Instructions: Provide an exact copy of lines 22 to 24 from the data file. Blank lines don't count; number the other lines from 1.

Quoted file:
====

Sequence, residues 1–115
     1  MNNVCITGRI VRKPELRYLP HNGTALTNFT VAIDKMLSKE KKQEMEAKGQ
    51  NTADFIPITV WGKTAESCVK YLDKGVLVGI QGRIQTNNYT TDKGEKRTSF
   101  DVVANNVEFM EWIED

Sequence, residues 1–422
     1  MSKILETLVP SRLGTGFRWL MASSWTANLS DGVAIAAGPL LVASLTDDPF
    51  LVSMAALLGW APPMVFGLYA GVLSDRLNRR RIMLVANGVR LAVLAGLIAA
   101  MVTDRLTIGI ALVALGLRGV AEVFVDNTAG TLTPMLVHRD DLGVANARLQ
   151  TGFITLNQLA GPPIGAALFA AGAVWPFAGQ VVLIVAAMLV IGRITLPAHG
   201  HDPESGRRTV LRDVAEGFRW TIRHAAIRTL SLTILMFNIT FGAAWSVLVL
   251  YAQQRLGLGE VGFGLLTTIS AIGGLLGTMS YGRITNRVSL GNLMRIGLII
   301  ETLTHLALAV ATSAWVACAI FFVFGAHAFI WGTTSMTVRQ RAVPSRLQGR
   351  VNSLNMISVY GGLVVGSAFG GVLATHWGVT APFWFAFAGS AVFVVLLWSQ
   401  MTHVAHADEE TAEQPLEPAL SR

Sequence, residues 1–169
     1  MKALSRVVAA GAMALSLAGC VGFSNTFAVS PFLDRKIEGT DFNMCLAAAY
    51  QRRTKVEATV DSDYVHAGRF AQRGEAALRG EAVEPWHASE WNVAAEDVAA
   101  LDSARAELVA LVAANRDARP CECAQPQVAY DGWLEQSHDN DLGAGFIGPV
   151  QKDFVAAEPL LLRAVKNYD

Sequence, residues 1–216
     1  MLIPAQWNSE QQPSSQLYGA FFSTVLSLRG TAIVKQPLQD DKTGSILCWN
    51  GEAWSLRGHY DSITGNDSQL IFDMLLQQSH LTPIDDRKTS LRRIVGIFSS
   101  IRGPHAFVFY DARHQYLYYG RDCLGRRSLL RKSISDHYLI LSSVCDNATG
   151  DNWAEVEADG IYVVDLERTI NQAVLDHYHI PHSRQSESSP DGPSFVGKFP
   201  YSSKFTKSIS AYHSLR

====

    51  GEAWSLRGHY DSITGNDSQL IFDMLLQQSH LTPIDDRKTS LRRIVGIFSS
   101  IRGPHAFVFY DARHQYLYYG RDCLGRRSLL RKSISDHYLI LSSVCDNATG
   151  DNWAEVEADG IYVVDLERTI NQAVLDHYHI PHSRQSESSP DGPSFVGKFP